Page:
Forced Entry by RN Wagner


RN Wagner reciting his poetry

(Trigger warnings: a whole bunch)

My nayburz and I lived  a block from Clifton Hill
you know that street that employs us in the summer
but throws us to the curb in the winter
unless you fall to your knees in the fall
In front of your boss when no one else is looking

You don’t get a break if you want to earn a living…
In the city of repurposed broken guitar strings,
that held up our forgotten dreams

Across the street from Mom and I
Was a house
That made labatt blue a little more well off
When the Street lights came on
You couldn’t tell the difference between
Them yelling at the hockey game or
Their mouthy sugar stained children…
that coated the streets with unwanted frequencies
Two older brothers main concerns were to get laid
They modeled themselves after the noise in the living room
Kraft dinner was for royalty and so was kool-aid

Apparently, pillow fights were for pussies…
So it was five minutes of roughing every drunken period
but no roll-call model parents to call a real penalty.
No name food products dominated the space,
there was no room for anything natural or healthy

Headphones were too expensive
So I learned how to enjoy the fireworks without seeing them
Stuck between two broken homes across from each other
Both Mothers are Newfoundlanders, don’t talk to each other much
And our doors are locked at night if that shatters any stereotypes!

It’s hard out here for us Honeymoon Capital survivors
Trying to live in the Unemployment Wonder of the World
Vacancy for welfare checks in the off season
Doctors are not accepting any new patients
We carry our laundry to the mat, say hello to the owners parrot and
we welcome the tourists who try to run over our cats
(Meows gather at the 7-11’s)

There is a fine line that separates yelling from screaming when you’re close to that Clifton Hill
Because you’re either just a haunted house employee  practicing their creepshow
Or just another tourist
looking for their attraction coupons in a overpriced parking lot

The house across the street
Had a friend of the family
Who delivered my favorite thing in the world… PIZZA!
Plain and simple, hands down, unlike the life I live

If I ordered and asked for him to deliver it
I would get a decent discount every time
It was great for a while
Then i thought about delivering pizza myself…
Since I got my beginners licence recently
He was more than happy to offer me an opportunity to make some money
And said my tips were twice as good as his.
So since he never lost anything sharing his deliveries,
I was welcome anytime to his orders, and help him out

I was in high school
Grade 11, 16 years old
Taking university level courses to be eligible for potential golf scholarships
I hadn’t won any tournaments yet but my handicap was just a handful
It would get better if I didn’t have to work next summer and had my own set of wheels
(Ford Topaz foreshadow)

Getting back home from school a little late was normal
Golf and Graphic Design was my usual excuse
Mom was often passed out on the couch, Budweiser in hand

It was the billboard I memorized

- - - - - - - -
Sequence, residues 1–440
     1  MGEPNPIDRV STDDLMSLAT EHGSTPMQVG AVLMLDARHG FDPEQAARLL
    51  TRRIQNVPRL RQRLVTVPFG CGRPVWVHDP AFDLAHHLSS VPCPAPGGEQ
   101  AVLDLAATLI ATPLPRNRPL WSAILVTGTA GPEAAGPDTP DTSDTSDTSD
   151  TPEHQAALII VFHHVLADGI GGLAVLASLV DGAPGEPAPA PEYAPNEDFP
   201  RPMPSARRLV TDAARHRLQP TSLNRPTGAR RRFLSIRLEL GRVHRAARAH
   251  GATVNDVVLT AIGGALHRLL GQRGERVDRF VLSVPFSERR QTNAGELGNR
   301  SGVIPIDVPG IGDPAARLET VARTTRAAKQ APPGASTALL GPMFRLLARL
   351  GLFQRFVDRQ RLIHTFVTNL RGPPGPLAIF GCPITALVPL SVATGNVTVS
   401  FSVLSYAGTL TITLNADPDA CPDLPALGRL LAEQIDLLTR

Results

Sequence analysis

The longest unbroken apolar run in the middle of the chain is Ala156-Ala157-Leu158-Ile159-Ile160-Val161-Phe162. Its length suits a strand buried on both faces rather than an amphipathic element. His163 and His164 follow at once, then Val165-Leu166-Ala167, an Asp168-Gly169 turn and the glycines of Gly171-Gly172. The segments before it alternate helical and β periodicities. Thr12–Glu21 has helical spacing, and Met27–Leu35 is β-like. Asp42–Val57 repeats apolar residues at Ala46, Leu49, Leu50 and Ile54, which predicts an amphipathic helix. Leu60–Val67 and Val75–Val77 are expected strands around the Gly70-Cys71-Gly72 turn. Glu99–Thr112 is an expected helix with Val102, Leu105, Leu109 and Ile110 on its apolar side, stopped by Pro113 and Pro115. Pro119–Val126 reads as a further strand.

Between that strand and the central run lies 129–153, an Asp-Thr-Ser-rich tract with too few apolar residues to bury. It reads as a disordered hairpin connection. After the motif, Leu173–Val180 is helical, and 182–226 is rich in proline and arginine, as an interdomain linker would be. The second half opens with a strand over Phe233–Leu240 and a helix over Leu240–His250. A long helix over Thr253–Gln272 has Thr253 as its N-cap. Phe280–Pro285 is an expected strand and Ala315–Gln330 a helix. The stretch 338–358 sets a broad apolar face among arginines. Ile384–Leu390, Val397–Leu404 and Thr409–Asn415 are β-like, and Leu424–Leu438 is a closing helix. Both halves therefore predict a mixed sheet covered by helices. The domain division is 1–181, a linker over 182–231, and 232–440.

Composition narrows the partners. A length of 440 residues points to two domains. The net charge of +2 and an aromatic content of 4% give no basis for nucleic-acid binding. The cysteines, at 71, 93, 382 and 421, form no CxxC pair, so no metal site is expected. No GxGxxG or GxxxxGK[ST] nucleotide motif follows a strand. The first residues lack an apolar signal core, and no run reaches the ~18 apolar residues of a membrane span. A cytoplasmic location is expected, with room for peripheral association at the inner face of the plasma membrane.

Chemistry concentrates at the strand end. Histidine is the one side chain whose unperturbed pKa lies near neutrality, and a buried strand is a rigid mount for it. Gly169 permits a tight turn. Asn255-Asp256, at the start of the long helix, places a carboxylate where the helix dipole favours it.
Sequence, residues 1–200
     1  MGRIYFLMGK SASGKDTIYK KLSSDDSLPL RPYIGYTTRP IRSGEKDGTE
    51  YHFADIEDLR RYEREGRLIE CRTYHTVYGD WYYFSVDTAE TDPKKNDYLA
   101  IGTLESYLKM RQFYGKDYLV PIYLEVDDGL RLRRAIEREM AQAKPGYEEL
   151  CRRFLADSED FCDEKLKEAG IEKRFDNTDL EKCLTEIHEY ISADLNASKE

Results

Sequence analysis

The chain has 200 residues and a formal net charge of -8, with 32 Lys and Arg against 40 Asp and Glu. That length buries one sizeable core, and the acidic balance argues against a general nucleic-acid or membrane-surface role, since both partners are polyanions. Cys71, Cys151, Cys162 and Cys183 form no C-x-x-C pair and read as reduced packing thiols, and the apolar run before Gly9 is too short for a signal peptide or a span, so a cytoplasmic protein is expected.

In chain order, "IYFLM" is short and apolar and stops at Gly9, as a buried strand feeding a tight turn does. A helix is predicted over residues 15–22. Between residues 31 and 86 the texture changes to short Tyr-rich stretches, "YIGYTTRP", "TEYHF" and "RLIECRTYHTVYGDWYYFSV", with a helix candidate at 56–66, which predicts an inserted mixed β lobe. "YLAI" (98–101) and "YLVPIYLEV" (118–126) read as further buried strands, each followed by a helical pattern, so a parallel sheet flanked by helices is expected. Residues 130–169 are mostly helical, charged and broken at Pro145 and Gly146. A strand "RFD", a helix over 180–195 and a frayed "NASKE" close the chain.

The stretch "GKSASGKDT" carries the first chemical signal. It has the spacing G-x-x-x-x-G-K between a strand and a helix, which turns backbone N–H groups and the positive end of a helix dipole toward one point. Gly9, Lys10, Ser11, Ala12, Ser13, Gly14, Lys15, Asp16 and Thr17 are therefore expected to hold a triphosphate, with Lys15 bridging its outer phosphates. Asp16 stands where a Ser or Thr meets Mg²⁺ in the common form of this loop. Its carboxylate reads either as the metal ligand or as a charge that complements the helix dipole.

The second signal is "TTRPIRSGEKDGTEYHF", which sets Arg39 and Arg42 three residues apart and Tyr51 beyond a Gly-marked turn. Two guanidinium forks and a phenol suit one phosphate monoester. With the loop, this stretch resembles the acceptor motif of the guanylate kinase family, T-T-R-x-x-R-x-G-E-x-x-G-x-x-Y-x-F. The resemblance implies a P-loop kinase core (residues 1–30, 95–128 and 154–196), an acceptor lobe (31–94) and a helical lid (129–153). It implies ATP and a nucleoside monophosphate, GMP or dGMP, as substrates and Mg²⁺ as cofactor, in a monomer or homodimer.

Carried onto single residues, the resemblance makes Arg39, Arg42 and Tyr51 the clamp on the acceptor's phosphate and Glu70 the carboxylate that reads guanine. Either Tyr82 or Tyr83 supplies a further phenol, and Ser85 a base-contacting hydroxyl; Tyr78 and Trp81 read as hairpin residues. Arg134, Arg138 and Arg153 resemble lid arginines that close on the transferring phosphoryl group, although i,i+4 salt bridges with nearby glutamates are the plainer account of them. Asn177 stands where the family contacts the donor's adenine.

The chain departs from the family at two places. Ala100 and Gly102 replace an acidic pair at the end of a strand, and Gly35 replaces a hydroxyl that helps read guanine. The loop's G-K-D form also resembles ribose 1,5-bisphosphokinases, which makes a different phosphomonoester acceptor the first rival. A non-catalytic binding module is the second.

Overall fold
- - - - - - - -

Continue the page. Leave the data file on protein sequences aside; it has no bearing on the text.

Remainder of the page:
To keep a promise..
That I wouldn’t take the same courses as my mother
“I may be a bad example, but you must not ever give up”, she said.

But there was this one time I broke our promise…

Out of the similar fear my mom had when she lost her house keys, and sat on some church steps to regain her strength, to sober up
It evolved into a vulnerable coffee date with a stranger offering friendship
Which turned into a late sunday drive behind a warehouse for some rape
All she wanted was a real ear in a city of lights, but there was none,
just lights that shined so bright you couldn’t see danger coming or hear it…from the fake house of fun.
The idea to be crying for help behind a candle factory, was just a wax mold and a trigger for thoughts of a single grandson kept the fear instilled to not fight back, pretending it was a good time like the floors she swept.
It was the people she worked for, just not this one.

The difference between Broom Hilda’s House of Horrors and mine,
Was that I hadn’t lost anything but my father and a chance to know him better than old union meeting minutes at this point.

I just wanted to earn a living delivering pizza
So I could buy myself groceries and Mother a decent christmas present.

My Moms rapist was just like mine in some ways…

When they pulled out
Onto the road
After they got what they wanted…
They did it nice and slow
Because they didn’t want to be suspicious

They asked us if we wanted anything from the store
Because they were so thoughtful of our hunger and thirst

They both decided to drive the speed limit
Because they didn’t want to break the law

They asked us to hang out again sometime
Maybe eat some pizza or go for a drink at their place
Because they wanted us to feel normal

They gave us stories about who they were
Who they knew
Because they didn’t want anyone else to know
Just how special we are to have met them

They tried to get away!!!

But my mom was killer at memorizing licence plates and fake names
And I am killer at remembering that my reflective  words
are better than my experience
I choose not to live in fear